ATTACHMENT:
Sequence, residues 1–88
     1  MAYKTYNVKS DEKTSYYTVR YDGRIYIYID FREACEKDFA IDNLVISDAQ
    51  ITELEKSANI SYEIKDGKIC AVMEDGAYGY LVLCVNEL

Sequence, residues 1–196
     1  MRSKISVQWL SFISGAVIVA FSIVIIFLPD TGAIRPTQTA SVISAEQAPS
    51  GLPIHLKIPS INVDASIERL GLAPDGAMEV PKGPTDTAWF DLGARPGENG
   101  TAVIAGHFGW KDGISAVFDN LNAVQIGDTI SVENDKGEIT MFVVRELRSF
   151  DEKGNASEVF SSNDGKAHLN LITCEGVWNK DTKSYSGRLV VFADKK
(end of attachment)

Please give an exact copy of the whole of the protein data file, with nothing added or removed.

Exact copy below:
Sequence, residues 1–88
     1  MAYKTYNVKS DEKTSYYTVR YDGRIYIYID FREACEKDFA IDNLVISDAQ
    51  ITELEKSANI SYEIKDGKIC AVMEDGAYGY LVLCVNEL

Sequence, residues 1–196
     1  MRSKISVQWL SFISGAVIVA FSIVIIFLPD TGAIRPTQTA SVISAEQAPS
    51  GLPIHLKIPS INVDASIERL GLAPDGAMEV PKGPTDTAWF DLGARPGENG
   101  TAVIAGHFGW KDGISAVFDN LNAVQIGDTI SVENDKGEIT MFVVRELRSF
   151  DEKGNASEVF SSNDGKAHLN LITCEGVWNK DTKSYSGRLV VFADKK